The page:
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Quiroga vs Parsons, G.R. No.

L-11491 defendant so preferred, and in these last two cases an additional discount was to be allowed
Subject: Sales, Doctrine: Contract of Agency to Sell vs Contract of Sale for prompt payment. These are precisely the essential features of a contract of purchase and
Facts: sale. There was the obligation on the part of the plaintiff to supply the beds, and, on the part
On Jan 24, 1911, plaintiff and the respondent entered into a contract making the latter an of the defendant, to pay their price. These features exclude the legal conception of an agency
“agent” of the former. The contract stipulates that Don Andres Quiroga, here in petitioner, or order to sell whereby the mandatory or agent received the thing to sell it, and does not pay
grants exclusive rights to sell his beds in the Visayan region to J. Parsons. The contract only its price, but delivers to the principal the price he obtains from the sale of the thing to a third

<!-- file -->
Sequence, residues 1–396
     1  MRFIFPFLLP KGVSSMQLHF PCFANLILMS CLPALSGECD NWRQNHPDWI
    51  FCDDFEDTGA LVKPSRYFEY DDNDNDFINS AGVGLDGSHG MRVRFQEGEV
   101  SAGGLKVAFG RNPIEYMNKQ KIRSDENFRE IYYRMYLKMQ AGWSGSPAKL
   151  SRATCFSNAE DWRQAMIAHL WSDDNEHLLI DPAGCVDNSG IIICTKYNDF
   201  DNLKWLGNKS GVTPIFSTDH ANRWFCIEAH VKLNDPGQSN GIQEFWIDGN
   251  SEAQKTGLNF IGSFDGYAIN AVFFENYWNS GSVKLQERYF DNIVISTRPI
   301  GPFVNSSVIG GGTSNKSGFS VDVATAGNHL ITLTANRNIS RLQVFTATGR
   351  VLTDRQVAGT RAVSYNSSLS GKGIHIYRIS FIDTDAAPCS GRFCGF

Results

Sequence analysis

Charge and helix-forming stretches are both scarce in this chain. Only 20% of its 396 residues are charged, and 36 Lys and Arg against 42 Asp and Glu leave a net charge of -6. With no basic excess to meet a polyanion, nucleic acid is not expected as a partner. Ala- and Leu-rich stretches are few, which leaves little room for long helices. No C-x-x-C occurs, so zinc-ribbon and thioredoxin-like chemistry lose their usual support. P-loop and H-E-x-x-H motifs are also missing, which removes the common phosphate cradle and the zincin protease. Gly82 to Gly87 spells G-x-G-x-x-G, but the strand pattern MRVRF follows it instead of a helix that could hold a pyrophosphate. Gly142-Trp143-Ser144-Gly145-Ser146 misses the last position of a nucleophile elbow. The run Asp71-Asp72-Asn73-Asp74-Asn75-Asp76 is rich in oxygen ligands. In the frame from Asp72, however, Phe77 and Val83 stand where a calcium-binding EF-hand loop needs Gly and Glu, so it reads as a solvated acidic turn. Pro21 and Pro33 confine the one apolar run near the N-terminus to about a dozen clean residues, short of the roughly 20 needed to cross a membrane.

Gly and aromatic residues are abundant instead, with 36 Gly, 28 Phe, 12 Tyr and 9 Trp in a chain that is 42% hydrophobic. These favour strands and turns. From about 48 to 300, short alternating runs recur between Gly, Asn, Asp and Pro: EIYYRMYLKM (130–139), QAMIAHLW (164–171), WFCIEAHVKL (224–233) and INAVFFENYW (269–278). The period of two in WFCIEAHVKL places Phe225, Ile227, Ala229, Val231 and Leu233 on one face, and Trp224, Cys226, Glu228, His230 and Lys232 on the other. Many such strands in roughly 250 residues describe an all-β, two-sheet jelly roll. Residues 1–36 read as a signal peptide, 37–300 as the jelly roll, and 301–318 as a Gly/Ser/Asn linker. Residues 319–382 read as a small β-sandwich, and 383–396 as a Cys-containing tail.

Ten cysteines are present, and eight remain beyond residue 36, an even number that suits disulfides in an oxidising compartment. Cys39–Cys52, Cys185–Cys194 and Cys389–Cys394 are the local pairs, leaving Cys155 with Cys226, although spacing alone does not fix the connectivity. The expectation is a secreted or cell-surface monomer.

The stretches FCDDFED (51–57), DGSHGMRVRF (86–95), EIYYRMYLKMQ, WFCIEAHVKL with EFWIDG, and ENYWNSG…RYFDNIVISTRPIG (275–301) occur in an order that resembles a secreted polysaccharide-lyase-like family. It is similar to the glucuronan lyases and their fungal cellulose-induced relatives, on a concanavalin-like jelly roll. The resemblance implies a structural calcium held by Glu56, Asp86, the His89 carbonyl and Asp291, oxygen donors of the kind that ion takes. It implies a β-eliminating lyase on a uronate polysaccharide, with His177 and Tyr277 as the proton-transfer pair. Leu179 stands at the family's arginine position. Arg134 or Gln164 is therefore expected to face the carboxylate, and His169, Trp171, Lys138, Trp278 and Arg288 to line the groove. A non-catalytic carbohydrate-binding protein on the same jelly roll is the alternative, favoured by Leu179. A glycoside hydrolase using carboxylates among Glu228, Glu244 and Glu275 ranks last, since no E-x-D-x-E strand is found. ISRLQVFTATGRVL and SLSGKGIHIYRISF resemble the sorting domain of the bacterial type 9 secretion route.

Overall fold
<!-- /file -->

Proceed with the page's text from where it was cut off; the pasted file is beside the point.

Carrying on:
stipulates that J.Parsons should pay Quiroga within 6 months upon the delivery of beds. person, and if he does not succeed in selling it, he returns it. By virtue of the contract between
Quiroga files a case against Parsons for allegedly violating the following stipulations: not to the plaintiff and the defendant, the latter, on receiving the beds, was necessarily obliged to
sell the beds at higher prices than those of the invoices; to have an open establishment in pay their price within the term fixed, without any other consideration and regardless as to
Iloilo; itself to conduct the agency; to keep the beds on public exhibition, and to pay for the whether he had or had not sold the beds.
advertisement expenses for the same; and to order the beds by the dozen and in no other In respect to the defendant’s obligation to order by the dozen, the only one expressly imposed